Monthly Method

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A listener asked, "What is your opinion about motivation? Is it helpful or is it just temporary?" Here is what I think about motivation.

Corresponding blog posts with all the links: https://monthlymethod.com/motivation/
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Timestamps:
00:00 - Intro
00:51 - It's a trend
01:55 - Fact vs. Fiction Analysis
04:15 - Unrealistic expectations
05:43 - Not your goals
07:00 - Motivation is not even the best emotion to go after
09:35 - Ask better questions
10:50 - Test your hypothesis
12:46 - Conclusion & Recommendations

Show Notes

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What is Monthly Method?

Monthly Method Podcast is a show for solopreneurs, creators, and artists who have a burning desire to launch a project. The project your best life depends on.
Your host, Polina Bee, is a certified SCRUM master. She brings a proven record of launching successful projects, both professional and personal.
You will hear about tested techniques that lead to calm, consistency and results.

Subscribe to turn your idea into reality one month at a time.

I've received a question from one of my listeners. The question is, what is your opinion about motivation? Is it helpful or is it just temporary? Okay. Let's hear on my rant about motivation. Let's go.

The question here is whether motivation is helpful or just temporary. I think it's definitely helpful. It is temporary but my overall opinion is that the importance of motivation is highly overrated. It's kind of like a trend that is so popular right now.

It didn't use to be popular before. I don't think it will stick around for long. It's just the trend on that will pass, hopefully and we'll go back to normal.

Sure, let's look at motivation and unpack it. First of all, I like to kind of start with the fact versus fiction analysis. Put on my scientist hat and look at some of the statements that are so commonly accepted or the statements that we keep telling ourselves on a daily basis. Probably, if you're asking about motivation, then you have statements such as in order to do X, I need to feel motivated or in order to have a good day, I need to feel motivated. In order to do hard things, I need to feel motivated.

These are just opinions. They're not facts. If you use scientific approach and testing the statements, they will quickly fall apart. For example, if you'll look at the statement, I need to feel motivated to do hard things, let me ask you, are you doing any hard things on a consistent basis without having to feel motivated?

Well, probably you go to work not the easiest thing to do every day, but you still get up and you go to work. You drop off your kids at school even if it's raining, even if it's cold, even if you don't want to go outside, even if it's hard, you still go out and drop your kids off at school. Do you cook dinner probably even when you don't feel like it?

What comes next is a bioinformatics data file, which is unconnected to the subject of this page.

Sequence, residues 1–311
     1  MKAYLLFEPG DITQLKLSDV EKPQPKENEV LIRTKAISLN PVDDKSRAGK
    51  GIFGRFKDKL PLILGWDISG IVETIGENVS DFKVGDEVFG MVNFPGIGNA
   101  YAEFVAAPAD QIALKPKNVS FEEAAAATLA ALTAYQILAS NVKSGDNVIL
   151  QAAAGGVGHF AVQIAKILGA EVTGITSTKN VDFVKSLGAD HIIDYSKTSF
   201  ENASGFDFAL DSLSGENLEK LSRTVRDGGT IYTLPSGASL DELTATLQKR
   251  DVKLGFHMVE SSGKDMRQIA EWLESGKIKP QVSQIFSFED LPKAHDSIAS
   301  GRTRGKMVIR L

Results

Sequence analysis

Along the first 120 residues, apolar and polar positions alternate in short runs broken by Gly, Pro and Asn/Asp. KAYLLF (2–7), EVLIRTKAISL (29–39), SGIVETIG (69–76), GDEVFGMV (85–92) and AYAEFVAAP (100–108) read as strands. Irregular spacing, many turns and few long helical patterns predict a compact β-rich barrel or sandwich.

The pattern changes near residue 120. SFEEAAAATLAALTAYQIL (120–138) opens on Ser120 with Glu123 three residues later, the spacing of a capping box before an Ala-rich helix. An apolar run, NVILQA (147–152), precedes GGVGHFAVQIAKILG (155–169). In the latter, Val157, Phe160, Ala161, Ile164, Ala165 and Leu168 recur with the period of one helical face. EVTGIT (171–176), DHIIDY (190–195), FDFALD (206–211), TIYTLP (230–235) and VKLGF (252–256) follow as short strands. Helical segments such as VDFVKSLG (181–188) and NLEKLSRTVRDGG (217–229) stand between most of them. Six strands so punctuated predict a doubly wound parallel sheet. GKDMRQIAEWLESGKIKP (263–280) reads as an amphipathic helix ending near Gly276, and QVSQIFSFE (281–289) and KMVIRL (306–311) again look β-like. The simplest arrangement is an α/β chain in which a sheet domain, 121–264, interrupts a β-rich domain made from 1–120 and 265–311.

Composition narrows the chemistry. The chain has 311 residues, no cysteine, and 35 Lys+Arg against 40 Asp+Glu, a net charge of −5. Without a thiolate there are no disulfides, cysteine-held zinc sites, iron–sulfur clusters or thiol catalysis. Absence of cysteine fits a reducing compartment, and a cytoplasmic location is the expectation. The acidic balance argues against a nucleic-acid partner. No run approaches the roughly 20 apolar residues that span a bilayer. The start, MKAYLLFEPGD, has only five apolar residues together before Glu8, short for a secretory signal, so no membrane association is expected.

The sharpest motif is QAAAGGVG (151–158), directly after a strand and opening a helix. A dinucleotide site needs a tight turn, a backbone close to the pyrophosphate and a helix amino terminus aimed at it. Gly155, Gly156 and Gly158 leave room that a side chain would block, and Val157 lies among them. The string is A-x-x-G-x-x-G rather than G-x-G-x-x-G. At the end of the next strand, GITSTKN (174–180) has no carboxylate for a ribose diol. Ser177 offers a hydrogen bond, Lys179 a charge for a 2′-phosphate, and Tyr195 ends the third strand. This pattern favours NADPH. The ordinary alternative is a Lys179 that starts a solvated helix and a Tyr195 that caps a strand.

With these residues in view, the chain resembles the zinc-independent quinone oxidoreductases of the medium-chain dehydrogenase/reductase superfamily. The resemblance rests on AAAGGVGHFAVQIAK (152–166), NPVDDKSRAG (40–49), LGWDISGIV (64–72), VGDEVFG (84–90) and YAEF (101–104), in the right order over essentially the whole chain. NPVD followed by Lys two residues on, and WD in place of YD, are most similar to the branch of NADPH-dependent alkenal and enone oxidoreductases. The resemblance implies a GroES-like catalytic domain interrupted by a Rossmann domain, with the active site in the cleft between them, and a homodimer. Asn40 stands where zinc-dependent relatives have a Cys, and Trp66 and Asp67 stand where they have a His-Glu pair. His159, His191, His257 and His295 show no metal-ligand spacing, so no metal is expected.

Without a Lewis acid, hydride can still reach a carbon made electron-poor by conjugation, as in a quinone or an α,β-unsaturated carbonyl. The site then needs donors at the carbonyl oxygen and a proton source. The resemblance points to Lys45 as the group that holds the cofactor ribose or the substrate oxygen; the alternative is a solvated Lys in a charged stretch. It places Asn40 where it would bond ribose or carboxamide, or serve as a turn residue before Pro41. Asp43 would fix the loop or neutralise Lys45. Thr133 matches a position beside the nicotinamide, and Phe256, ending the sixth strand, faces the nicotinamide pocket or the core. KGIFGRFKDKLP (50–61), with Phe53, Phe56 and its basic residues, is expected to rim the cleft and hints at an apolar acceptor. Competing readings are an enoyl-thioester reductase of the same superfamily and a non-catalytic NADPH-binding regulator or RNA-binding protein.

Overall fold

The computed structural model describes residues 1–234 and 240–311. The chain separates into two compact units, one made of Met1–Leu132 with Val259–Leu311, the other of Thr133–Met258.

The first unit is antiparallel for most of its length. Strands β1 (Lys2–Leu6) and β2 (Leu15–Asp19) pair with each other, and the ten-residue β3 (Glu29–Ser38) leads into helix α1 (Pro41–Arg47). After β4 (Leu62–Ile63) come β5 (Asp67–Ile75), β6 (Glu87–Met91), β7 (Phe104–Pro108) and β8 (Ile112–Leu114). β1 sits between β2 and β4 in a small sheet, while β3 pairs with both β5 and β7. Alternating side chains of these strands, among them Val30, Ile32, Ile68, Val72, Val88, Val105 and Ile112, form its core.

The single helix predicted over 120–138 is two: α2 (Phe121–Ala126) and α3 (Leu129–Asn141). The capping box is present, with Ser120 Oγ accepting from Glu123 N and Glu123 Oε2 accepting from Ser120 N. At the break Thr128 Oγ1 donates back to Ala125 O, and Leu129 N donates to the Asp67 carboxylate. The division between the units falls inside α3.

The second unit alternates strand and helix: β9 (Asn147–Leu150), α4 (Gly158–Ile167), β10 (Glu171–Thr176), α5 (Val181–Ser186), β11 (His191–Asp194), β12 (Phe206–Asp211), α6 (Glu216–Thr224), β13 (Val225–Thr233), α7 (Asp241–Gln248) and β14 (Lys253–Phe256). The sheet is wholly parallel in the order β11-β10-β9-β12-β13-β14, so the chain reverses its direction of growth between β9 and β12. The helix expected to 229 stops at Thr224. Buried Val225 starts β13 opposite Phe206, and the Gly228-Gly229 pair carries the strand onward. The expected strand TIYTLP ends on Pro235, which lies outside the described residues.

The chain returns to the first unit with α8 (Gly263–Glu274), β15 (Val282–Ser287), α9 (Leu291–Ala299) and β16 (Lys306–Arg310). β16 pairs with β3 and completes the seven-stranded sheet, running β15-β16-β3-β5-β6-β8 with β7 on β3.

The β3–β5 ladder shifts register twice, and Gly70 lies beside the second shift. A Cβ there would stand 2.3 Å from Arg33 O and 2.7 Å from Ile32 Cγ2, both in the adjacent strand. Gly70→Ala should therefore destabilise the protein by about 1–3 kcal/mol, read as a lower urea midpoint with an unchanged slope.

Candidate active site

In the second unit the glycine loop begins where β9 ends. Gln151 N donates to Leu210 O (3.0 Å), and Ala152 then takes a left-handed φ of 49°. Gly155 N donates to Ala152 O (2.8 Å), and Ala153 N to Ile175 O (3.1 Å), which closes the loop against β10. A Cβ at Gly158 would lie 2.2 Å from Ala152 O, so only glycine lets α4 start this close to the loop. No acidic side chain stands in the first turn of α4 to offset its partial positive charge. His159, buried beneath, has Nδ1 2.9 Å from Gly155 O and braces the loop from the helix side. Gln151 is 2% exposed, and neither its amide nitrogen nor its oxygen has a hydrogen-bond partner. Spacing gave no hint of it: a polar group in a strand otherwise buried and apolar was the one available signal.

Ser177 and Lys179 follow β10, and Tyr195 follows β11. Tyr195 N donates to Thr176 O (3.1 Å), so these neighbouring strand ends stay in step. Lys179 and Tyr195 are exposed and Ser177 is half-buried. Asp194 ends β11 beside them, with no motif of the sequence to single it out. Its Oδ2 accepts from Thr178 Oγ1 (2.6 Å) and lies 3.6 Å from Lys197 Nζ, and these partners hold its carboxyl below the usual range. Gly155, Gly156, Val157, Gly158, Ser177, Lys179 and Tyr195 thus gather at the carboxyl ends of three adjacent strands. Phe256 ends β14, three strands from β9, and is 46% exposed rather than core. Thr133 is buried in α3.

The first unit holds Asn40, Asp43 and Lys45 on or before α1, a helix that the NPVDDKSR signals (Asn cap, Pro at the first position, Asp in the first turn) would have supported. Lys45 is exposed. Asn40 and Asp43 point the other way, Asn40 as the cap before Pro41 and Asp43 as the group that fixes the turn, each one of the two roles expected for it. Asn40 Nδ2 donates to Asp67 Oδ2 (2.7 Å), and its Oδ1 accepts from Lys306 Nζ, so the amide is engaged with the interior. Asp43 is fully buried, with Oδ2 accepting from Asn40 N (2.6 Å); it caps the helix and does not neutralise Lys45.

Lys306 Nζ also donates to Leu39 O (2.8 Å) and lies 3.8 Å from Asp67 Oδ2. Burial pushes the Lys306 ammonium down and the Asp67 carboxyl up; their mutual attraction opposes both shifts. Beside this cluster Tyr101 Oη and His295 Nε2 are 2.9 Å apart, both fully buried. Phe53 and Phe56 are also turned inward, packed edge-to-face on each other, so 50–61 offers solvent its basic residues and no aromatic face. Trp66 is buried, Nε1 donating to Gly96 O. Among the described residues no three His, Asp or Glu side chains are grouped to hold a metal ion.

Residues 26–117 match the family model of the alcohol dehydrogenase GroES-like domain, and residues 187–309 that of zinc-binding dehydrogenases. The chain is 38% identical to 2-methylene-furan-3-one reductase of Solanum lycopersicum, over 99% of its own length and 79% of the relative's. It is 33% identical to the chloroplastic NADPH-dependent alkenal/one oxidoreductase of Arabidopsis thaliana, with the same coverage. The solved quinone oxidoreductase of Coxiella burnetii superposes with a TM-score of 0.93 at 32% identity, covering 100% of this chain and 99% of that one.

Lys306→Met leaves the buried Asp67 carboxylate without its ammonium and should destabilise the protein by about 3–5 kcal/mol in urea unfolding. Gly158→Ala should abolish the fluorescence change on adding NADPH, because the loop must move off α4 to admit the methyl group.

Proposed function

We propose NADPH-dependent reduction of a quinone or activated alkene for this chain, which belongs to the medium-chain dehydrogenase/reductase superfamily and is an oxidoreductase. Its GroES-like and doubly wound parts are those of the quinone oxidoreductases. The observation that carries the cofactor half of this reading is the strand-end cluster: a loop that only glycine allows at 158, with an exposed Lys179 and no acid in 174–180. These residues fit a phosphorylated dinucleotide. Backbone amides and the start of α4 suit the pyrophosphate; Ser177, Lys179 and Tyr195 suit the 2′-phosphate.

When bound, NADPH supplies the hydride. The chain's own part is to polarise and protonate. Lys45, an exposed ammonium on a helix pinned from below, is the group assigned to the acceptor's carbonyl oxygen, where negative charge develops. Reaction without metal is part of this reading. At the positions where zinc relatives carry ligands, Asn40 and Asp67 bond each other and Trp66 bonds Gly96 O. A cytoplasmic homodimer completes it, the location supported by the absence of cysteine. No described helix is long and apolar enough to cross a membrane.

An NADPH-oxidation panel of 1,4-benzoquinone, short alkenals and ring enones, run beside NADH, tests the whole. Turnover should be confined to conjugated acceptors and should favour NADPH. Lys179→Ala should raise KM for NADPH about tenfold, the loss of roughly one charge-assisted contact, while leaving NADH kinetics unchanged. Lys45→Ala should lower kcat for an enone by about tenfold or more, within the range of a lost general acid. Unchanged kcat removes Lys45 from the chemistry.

A lot of these things are hard at times, and these are just common everyday examples. I'm sure a lot of you are doing much harder things. If you finished university, I'm sure there were times where you had to do hard things, where you had to write that essay, where you had to do that homework even if you didn't feel motivated, but you still did it.

So, the statement that you have to feel motivated in order to do hard things is false. I suggest that you find a bunch of examples from your own life where you've done things that are hard even if you didn't feel motivated. I'm sure you do a lot of these things on a daily basis.

Whatever thoughts you have about the necessity of motivation, just go through the same approach and like test them assessing a scientific hypothesis. If it was a fact, then it would have been applicable to every single situation in your life. But you know that it's not. You're doing a bunch of things without having to feel motivated.

Another thing I want to say about motivation is that if you find yourself that for whatever goals you set for yourself, you have to feel motivated in order to get them done. Then, probably the quantity of the effort that you're aiming for is unrealistic. And it's too high.

And I have an entire episode on this called " Stop having this Flawed Assumption when Setting Goals". So basically, long story short, a lot of us when we set goals, we kind of have this assumption that every day we'll get up and be inspired to just go and do incredible things. But if we remove this assumption and set goals with the assumption that, hey, most likely it we'll feel like crap and we're not going to feel like doing this activity.

How can we adjust our goals with this new assumption? With the assumption that you will not feel motivated on a daily basis? Yeah, try it out, I think it's much safer and more effective approach of setting goals is just changing this underlying assumption.